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Why you should be watching Mets-Braves, the anxious Yankees and a tangle of rookie phenoms

Why you should be watching Mets-Braves, the anxious Yankees and a tangle of rookie phenoms

Did you feel that calendar flip? Timmy Trumpets brought Edwin Diaz on and played out August. Shohei Ohtani took Gerrit Cole out and ushered in September. The MLB season has officially rounded third. It’s racing for home.

With the season’s final month comes a narrowing and intensifying focus. The biggest storylines and races will all build to Game 162 on Wednesday, Oct. 5. We have nine things you need to know to gear up for the stretch run and fully enjoy the drama of September.

1. How does the new MLB playoff format work again?

You might remember that as part of the collective bargaining agreement that ended the lockout, the team owners and players expanded the postseason. There are now six teams from each league, three division winners and three wild cards. That means a new path to the World Series, and it has serious implications for the stakes of September.

When each league’s field is set, it will go like this:

  • The Nos. 1 and 2 seeds — the two best division winners — get byes into the Division Series, a huge advantage. The other four teams square off in a new three-game wild-card series, replacing the one-game wild-card showdowns, that will be exclusively hosted at the better seed’s park.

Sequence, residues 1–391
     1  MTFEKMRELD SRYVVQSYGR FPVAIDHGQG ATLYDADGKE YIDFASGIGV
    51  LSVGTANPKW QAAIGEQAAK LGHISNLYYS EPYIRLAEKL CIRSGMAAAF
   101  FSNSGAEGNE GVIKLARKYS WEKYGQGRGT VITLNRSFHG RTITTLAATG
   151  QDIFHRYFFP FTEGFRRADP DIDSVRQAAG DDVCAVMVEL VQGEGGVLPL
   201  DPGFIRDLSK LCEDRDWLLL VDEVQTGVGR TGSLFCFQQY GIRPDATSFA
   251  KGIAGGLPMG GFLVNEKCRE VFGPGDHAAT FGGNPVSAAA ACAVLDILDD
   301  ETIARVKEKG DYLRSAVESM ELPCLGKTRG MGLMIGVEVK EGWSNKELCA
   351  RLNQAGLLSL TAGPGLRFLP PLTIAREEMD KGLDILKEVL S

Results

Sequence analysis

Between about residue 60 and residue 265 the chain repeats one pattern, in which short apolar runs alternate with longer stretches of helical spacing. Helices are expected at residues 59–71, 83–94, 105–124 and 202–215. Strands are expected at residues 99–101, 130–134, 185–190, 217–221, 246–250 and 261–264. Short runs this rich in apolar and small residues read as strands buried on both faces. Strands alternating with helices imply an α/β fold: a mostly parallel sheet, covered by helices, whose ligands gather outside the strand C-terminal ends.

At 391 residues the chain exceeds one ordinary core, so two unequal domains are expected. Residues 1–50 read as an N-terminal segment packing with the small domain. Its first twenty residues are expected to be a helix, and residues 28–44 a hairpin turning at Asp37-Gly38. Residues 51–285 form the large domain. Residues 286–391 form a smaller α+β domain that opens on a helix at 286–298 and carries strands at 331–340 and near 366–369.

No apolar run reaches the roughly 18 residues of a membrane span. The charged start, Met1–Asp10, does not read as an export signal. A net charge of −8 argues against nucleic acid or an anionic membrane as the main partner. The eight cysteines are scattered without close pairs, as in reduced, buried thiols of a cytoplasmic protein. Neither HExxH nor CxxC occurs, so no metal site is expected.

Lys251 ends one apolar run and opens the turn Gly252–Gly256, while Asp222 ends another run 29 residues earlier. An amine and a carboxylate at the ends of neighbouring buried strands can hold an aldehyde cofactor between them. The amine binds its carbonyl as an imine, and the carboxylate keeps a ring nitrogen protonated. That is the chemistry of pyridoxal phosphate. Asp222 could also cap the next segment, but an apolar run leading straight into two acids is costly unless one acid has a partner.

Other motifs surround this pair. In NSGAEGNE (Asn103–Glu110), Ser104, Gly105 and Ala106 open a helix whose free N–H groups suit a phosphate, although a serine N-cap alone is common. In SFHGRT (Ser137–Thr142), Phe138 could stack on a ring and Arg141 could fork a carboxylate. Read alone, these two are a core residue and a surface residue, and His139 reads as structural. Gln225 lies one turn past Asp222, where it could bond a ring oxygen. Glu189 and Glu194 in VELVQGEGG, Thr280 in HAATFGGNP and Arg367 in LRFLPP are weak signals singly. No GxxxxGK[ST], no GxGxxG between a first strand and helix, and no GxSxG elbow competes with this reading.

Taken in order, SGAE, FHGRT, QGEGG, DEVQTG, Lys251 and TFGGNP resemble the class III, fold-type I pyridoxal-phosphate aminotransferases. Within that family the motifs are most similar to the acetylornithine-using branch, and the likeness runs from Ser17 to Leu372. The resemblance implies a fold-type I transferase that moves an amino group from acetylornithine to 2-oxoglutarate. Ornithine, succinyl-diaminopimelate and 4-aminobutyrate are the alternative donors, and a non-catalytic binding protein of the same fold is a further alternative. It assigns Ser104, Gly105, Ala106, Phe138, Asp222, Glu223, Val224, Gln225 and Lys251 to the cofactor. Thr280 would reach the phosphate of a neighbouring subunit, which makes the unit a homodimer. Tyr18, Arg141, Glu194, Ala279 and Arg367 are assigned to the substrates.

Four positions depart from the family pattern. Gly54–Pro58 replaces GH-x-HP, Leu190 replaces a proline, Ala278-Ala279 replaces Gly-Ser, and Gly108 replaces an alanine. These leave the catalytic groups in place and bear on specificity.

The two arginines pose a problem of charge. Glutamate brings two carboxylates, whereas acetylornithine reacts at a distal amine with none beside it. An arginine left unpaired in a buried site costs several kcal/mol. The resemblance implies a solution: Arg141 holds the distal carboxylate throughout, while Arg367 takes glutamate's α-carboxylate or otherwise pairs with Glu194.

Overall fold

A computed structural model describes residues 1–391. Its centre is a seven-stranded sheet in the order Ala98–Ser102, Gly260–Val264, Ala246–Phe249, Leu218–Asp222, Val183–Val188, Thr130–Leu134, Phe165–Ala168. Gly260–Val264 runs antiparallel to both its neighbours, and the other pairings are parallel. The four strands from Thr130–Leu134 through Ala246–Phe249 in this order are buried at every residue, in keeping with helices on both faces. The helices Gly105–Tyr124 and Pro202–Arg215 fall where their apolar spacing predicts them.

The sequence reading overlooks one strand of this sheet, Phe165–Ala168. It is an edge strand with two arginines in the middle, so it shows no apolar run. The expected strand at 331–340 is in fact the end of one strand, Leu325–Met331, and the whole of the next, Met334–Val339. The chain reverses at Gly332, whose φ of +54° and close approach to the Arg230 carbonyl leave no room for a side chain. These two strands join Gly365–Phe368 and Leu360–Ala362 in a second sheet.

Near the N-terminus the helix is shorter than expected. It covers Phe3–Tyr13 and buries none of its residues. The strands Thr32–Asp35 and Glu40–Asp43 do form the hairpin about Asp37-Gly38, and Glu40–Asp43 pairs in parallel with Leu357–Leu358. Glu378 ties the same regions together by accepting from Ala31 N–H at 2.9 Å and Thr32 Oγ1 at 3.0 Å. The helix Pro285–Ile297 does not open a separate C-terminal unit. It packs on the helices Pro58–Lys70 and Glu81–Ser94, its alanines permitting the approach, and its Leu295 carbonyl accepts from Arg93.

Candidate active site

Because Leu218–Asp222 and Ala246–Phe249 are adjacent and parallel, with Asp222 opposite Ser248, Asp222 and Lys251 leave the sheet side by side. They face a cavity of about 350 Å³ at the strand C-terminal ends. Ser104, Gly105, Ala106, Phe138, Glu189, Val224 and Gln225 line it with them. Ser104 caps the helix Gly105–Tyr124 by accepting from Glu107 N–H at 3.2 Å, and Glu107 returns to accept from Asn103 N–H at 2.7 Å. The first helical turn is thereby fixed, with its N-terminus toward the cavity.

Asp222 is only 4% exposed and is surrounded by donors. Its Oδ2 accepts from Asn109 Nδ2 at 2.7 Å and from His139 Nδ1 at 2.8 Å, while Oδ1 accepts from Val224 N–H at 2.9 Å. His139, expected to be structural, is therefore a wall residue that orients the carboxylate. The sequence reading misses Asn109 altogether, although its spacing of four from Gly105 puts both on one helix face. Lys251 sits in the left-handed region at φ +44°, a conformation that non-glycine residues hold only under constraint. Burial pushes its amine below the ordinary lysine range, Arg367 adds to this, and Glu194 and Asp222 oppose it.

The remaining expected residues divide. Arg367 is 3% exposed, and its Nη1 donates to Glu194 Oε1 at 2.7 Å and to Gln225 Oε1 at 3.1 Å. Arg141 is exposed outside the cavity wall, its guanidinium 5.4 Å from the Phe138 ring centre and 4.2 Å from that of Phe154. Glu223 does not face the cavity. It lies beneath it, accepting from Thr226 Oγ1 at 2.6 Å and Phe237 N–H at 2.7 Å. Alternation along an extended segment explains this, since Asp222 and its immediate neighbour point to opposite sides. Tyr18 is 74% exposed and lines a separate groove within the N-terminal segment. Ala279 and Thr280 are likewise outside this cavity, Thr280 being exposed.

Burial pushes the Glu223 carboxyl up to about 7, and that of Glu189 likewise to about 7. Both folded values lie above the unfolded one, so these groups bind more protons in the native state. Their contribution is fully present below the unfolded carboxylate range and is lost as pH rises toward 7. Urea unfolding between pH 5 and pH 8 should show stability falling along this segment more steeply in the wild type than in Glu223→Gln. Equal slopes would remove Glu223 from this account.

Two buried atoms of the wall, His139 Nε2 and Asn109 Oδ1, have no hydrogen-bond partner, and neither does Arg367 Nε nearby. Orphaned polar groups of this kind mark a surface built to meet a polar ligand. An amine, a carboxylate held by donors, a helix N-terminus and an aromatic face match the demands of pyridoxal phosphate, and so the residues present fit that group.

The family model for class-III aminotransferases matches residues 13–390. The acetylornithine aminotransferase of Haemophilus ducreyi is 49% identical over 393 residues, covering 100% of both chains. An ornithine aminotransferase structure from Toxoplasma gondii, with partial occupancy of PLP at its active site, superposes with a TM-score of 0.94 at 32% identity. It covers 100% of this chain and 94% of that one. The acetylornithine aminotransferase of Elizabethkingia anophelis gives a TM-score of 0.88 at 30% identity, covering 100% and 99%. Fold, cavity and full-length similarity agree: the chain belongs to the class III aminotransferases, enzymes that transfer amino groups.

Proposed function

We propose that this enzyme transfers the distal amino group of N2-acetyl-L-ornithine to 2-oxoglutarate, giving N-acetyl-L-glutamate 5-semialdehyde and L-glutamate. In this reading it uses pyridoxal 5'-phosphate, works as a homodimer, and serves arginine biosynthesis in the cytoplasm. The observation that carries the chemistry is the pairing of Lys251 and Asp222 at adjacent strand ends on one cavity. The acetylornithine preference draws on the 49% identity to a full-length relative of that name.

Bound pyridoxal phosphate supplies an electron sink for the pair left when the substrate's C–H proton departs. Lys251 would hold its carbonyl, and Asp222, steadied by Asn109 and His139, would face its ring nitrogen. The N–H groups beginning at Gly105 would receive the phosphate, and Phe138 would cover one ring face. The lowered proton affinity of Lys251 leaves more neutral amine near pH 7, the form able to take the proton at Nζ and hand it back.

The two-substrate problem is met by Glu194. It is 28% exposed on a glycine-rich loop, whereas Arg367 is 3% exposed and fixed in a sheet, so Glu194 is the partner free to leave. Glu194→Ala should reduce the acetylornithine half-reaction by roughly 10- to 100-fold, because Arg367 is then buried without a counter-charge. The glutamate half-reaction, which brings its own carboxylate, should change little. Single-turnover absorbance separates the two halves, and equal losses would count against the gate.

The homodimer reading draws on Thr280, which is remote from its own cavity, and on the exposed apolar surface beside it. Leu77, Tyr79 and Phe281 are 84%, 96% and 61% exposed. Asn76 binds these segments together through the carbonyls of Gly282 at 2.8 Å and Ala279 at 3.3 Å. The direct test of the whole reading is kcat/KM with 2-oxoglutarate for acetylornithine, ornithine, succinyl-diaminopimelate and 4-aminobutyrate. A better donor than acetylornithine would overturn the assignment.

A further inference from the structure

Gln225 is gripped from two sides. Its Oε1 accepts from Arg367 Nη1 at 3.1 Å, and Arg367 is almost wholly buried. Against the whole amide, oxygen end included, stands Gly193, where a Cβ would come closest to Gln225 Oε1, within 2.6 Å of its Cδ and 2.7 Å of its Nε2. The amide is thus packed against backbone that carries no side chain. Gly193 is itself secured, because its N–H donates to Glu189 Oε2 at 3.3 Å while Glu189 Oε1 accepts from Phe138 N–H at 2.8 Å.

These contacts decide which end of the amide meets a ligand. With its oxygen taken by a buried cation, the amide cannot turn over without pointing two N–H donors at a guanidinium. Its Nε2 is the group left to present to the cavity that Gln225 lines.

• The division winner with the worst record will be the No. 3 seed and host the No. 6 seed, the wild-card team with the worst record. The winner of that series will go on to face the No. 2 seed, regardless of which team comes out on top.

  • The two best wild cards, seeds No. 4 and No. 5, will play each other. The winner will advance to face the top seed.

From there, things will look familiar. The Division Series will be best of five. The Championship Series and World Series will be best of seven, with the team with the higher seed wielding home-field advantage by hosting Games 1, 2, 6 and 7.

2. The Mets-Braves race is crucial even though both will make the playoffs

That new playoff format sets up what could be the most thrilling and most important race in September, even though neither NL East titan is at risk of missing out on October. Entering the month, the New York Mets and Atlanta Braves are the second- and third-best teams in the National League. But because they can’t both win their division, one will be the No. 2 seed and the other will be the No. 4 seed. That means one will get to reset their rotation to face a weaker foe in the NLDS while the other will play a must-win best-of-three series and roll right into a showdown with the Los Angeles Dodgers. It’s…

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